Usually, when one player dominates a game, bending it to his will, you think of hat tricks and thunder-bastard goals and everything offensive. After all, soccer is judged on who scores and who doesn’t. And that goes for pretty much every sport.
Occasionally in the NFL you’ll see a guy with a five-sack game and that encounter will be forever be defined by that player’s name. Goalies in the NHL can simply turn the result however they see fit, but that’s about it. But almost always it’s the guy who dropped 50, or threw for five touchdowns, or scored four goals. Rarely do we say a defensive performance was so far and away the signature output from a game.
It’s even rarer that any player can do anything against Manchester City to have their name rise above their metronomic excellence and domination. The fact that Saturday saw a defender from Southampton do so is staggering. That’s what Mohammed Salisu accomplished in the Saints’ 1-1 draw against City, the first time City hadn’t won their match since 2017, or at least that’s what it feels like (it was 12 games straight in the league).
For a brief sample of what Salisu managed on Saturday, here he is robbing Kevin De Bruyne blind, and that’s KEVIN DE BRUYNE, no worse than what, the third best player in the Premier League? Out on the counter in space? In a spot that’s almost certainly death for every opponent who sees De Bruyne get off the leash:
By this point, everyone knows what a Man City game looks like. They possess the ball forever, they find space between the lines that seemingly shouldn’t exist, and they simply impose their will and walk their way into the penalty area where someone is found with a pass for a tap-in. You can’t stop it. And when they don’t have the ball, they immediately get it back as teams desperately heave the ball up to a forward that doesn’t have a teammate within emailing distance of him, and he loses the ball only 35 yards from his own goal and the whole thing starts over again.
What Man City rarely runs up against is one defender, standing on the bridge, saying, “You shall not pass!”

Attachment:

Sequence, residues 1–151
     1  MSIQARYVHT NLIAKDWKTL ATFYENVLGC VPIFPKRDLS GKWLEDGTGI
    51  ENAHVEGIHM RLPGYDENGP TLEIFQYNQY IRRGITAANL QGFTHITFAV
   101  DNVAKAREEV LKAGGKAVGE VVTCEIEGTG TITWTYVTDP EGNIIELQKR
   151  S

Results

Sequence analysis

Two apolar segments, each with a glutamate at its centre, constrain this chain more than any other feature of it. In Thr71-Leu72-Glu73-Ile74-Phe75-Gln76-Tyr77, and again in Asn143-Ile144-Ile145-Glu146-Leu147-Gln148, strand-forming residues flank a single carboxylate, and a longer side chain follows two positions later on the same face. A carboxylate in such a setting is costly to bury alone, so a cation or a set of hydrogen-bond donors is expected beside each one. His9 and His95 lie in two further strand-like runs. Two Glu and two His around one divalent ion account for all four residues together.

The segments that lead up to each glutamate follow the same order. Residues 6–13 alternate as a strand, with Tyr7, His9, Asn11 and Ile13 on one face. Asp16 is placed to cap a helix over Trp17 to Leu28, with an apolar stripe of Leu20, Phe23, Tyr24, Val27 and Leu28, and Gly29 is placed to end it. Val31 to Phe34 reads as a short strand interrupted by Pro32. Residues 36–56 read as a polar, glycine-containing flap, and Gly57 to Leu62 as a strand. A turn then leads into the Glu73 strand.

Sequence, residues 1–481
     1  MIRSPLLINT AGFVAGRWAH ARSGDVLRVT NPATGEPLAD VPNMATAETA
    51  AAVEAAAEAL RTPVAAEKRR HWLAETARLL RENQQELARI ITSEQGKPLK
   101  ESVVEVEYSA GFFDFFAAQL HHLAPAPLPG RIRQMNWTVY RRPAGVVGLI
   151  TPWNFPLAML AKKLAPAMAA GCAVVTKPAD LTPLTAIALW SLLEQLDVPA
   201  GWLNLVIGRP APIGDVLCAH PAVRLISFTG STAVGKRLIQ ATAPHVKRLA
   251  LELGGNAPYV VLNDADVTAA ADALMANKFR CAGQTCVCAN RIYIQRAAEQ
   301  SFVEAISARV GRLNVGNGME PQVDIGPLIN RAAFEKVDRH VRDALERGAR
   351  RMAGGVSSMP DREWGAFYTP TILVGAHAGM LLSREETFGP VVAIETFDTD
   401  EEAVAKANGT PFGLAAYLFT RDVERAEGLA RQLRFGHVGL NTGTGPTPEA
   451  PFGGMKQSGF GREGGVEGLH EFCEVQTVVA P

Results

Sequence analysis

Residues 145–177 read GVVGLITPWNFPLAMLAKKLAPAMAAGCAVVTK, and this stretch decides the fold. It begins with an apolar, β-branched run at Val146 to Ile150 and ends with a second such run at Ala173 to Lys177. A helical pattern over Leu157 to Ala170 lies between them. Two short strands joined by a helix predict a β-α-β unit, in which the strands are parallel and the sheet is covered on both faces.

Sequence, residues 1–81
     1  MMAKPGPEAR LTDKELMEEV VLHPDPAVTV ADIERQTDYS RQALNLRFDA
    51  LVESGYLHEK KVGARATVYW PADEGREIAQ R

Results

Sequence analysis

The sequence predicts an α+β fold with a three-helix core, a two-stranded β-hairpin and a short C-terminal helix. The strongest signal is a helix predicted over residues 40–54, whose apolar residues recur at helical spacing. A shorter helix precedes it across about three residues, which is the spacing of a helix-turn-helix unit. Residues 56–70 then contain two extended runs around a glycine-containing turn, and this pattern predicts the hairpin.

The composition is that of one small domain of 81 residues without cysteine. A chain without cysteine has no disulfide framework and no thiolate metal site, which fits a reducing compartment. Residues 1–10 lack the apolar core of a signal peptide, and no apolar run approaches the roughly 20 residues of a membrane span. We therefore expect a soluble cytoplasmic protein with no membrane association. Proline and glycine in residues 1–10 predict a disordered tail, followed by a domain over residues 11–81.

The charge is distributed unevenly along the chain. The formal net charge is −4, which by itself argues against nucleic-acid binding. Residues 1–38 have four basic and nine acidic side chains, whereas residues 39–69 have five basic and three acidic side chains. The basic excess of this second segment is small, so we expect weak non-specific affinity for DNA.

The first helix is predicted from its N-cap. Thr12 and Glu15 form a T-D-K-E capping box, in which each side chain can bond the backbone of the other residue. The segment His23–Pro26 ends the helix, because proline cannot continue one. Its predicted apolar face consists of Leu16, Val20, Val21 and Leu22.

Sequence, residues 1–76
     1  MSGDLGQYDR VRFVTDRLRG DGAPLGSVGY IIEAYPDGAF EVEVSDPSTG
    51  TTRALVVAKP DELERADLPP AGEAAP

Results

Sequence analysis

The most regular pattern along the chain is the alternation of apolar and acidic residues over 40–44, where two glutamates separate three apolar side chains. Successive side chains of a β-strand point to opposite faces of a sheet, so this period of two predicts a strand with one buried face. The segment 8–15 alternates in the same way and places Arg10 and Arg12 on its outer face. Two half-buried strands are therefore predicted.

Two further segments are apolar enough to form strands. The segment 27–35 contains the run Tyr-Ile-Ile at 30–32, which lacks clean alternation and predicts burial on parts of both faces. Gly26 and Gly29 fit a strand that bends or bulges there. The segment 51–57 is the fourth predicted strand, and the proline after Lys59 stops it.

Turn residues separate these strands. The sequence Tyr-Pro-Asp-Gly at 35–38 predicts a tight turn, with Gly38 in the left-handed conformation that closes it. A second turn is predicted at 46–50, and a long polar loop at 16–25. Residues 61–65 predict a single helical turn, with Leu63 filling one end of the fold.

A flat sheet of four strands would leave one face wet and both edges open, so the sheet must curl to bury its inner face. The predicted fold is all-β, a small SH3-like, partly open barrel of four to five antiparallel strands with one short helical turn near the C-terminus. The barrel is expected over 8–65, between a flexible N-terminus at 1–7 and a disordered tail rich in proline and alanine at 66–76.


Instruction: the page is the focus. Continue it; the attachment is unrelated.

One who’s just always in the right spot and intercepting that final pass that always ends up in a look at an open goal. A defender who is just always in the way of that shot that normally goes in on the way to yet another 5-1 City triumph. For all of Man City managerPep Guardiola’s brilliance, not even he can plan for a player simply channeling the Reality Stone, bending things to his will and then setting things back right when it suits him.
Salisu’s numbers from Saturday’s draw are ridiculous. They are as follows:
- Six tackles
- Four interceptions
- Four blocks
- 15 clearances (!)
Obviously, you can only achieve these kinds of numbers when the other team always has the ball, which City always does. But it’s also a mark of the constant threat that City always carry, and the effort of one man to turn them away. The number of City attacks that fell apart at the feet of Salisu was close to innumerable.
In reality, this wasn’t much new for Salisu, and that one performance will almost certainly put him on the shopping list for a bigger club looking for their own Virgil van Dijk, who himself made his name at Southampton. Salisu has been one of the Premier League’s best centerbacks all season, and there’s an argument he’s been the best, even if Southampton’s overall defensive record isn’t glowing. That argument would be as follows:
And he won’t turn 23 until April.
Salisu still only has 33 appearances in the Premier League over the past two seasons, but that won’t stop teams from calling Southampton in the summer with checks big enough to make a thud when they hit the ground. And Southampton might not get a better price than they would this summer, which for a club like them they can’t miss out on. When and if Salisu becomes the next galactic defensive star for someone in the Champions League, we’ll look back at this game as the genesis.
The draw keeps the title race with a barely audible pulse. Liverpool’s dicey win over Crystal Palace on Sunday brings them within nine points and a game in hand. Should they win that, and then beat City in Manchester come April, maybe we’ll have something. But the real winner was Salisu, and the money he’s about to make for both himself and Southampton.